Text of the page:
“Two men aged in their 20s who were working in a bar were arrested on suspicion of fraud offences. They have since been released on police bail pending further enquiries.”
A flare that had been set off in the final moments of Constitution Hill’s victory in the Champion Hurdle was also dealt with by police. Pyrotechnics are prohibited from all British racecourses, but they are more common at football games. According to a statement released by the FA in May, there has been an increase in the use of smoke devices, flares, and pyrotechnics brought into stadiums.
After the incident on Tuesday, no one was hurt or arrested. White was the colour of the flare, which Nico de Boinville, the jockey for Constitution Hill, wore.
The incidents occurred on the same day that the Jockey Club launched a campaign to prevent racegoers from engaging in antisocial behaviour on the main exit routes from the racetrack after the race. When the Racing Post inquired, the police did not report any incidents, but local residents posted images on social media of racegoers peeing. After numerous complaints of racegoers urinating in front gardens and Pittville Park last year, the Love Our Turf campaign was established.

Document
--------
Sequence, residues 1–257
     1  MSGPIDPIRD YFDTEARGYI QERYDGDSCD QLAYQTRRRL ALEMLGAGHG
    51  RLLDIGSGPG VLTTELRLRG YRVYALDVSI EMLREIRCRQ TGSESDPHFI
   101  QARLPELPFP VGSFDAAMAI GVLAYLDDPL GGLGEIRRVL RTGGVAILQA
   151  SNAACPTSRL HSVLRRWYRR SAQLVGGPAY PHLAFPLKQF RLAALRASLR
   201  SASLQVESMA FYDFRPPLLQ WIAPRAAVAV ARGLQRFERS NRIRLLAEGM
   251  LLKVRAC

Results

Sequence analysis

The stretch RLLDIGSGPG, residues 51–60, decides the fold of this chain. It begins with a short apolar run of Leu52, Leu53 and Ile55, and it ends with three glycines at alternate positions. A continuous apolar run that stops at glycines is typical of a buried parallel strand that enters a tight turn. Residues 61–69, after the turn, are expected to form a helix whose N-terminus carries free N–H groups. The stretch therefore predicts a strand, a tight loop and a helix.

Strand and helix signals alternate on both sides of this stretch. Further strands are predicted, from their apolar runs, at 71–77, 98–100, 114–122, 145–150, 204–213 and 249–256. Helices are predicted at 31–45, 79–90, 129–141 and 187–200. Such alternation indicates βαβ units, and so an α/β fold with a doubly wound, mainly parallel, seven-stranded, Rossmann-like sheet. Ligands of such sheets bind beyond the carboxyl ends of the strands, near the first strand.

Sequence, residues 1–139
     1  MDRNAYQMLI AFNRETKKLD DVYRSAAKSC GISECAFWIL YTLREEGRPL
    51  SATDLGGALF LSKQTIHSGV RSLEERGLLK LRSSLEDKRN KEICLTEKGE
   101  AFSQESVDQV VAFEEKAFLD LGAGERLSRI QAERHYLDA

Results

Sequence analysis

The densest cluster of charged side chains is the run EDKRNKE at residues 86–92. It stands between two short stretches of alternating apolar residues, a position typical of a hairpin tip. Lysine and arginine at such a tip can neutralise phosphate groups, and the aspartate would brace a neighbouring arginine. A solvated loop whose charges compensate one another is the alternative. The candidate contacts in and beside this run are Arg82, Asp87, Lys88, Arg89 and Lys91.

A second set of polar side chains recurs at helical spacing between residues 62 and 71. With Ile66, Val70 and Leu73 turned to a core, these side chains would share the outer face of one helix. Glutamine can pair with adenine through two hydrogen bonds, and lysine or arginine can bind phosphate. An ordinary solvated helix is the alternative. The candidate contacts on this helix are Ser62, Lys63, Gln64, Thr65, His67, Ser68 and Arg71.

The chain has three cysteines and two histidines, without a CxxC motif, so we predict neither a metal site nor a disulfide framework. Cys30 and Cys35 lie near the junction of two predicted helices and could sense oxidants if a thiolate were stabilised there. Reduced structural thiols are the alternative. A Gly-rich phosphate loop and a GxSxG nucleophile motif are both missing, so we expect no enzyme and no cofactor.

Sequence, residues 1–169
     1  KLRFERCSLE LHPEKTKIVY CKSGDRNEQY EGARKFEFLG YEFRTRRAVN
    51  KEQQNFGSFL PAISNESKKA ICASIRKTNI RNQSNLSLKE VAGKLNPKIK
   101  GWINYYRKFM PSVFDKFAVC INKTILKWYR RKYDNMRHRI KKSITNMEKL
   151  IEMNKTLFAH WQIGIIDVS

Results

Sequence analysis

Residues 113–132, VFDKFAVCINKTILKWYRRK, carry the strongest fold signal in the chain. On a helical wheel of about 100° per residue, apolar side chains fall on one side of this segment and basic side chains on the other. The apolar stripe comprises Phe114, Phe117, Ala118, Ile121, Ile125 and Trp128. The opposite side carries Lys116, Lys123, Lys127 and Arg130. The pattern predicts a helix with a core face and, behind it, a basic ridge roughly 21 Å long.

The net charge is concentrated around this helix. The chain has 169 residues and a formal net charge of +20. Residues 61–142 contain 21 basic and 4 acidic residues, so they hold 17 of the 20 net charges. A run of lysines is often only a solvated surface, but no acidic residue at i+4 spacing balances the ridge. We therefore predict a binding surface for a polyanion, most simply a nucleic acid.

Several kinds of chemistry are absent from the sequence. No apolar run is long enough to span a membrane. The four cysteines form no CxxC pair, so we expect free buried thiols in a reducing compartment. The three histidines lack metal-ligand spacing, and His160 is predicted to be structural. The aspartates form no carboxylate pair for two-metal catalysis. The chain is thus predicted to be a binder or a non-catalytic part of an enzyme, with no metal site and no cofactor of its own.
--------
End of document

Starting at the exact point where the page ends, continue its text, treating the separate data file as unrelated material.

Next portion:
“A very good result” surprise as Paddy Power boosted by Galopin Des Champs win.
An all-too-predictable Willie Mullins big-race double ought to have turned the tide firmly against the layers on the final day of the meeting if an unpredictable Thursday had allowed bookmakers to draw back to about the same level as Cheltenham Festival punters.
However, established businesses’ responses were somewhat more mixed. Paddy Power depicted the triumph of Galopin Des Champions in the Boodles Gold Cup as “an excellent outcome,” while William Slope portrayed the 7-5 victor as “not unreasonably solid.” Coral described the festival as “one to remember for many punters” at the conclusion of the final day.
In the betting for the JCB Triumph Hurdle, Mullins had the first three horses, and earlier in the week, Blood Destiny had overtaken Lossiemouth as the market leader. Lossiemouth went into the day as a 13-8 favorite, and the crowd barely wavered in their support for Paul Townend’s horse, who was roared home at 11-8.
Before Mullins and Townend made no mistake with the classy Galopin Des Champs, bookmakers received some respite with 33-1 winners of the County Hurdle and 18-1 winners of the Albert Bartlett, respectively.
Coral’s David Stevens: “Lossiemouth gave favourite backers the perfect start to the busiest betting day of the festival and while the next two winners, Faivoir and Stay Away Fay, were much harder to find, Galopin Des Champs’ many backers had plenty of time to cheer the seven-year-old home as he went clear up the famous hill.
“A winning favourite in the second biggest betting race of the entire year is never going to be a good result for the bookmakers and the Lossiemouth-Galopin Des Champs double was also extremely popular, ensuring this year’s festival will be one to remember for many punters.”
Constitution Hill, the shortest-priced winner in the history of the Champion Hurdle, won the National Hunt Chase and the championship races on Tuesday and Wednesday, while El Fabiolo, trained by Mullins, justified his 11-10 odds in the Arkle.